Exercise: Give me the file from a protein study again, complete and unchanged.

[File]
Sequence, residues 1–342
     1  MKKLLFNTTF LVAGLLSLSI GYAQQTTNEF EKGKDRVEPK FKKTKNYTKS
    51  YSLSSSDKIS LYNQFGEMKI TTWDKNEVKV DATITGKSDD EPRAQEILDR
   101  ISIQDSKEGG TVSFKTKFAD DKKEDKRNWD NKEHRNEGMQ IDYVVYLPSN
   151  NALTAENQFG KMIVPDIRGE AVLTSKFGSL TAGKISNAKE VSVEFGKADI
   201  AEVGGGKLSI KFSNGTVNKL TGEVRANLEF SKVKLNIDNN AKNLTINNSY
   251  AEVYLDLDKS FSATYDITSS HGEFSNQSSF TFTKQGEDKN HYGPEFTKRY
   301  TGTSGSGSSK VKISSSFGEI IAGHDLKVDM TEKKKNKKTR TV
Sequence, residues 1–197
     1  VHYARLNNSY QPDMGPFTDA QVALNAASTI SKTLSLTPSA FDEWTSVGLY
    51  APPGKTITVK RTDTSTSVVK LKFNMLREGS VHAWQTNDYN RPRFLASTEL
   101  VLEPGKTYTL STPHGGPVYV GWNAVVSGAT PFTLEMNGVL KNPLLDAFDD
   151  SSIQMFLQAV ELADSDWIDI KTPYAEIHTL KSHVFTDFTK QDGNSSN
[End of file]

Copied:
Sequence, residues 1–342
     1  MKKLLFNTTF LVAGLLSLSI GYAQQTTNEF EKGKDRVEPK FKKTKNYTKS
    51  YSLSSSDKIS LYNQFGEMKI TTWDKNEVKV DATITGKSDD EPRAQEILDR
   101  ISIQDSKEGG TVSFKTKFAD DKKEDKRNWD NKEHRNEGMQ IDYVVYLPSN
   151  NALTAENQFG KMIVPDIRGE AVLTSKFGSL TAGKISNAKE VSVEFGKADI
   201  AEVGGGKLSI KFSNGTVNKL TGEVRANLEF SKVKLNIDNN AKNLTINNSY
   251  AEVYLDLDKS FSATYDITSS HGEFSNQSSF TFTKQGEDKN HYGPEFTKRY
   301  TGTSGSGSSK VKISSSFGEI IAGHDLKVDM TEKKKNKKTR TV
Sequence, residues 1–197
     1  VHYARLNNSY QPDMGPFTDA QVALNAASTI SKTLSLTPSA FDEWTSVGLY
    51  APPGKTITVK RTDTSTSVVK LKFNMLREGS VHAWQTNDYN RPRFLASTEL
   101  VLEPGKTYTL STPHGGPVYV GWNAVVSGAT PFTLEMNGVL KNPLLDAFDD
   151  SSIQMFLQAV ELADSDWIDI KTPYAEIHTL KSHVFTDFTK QDGNSSN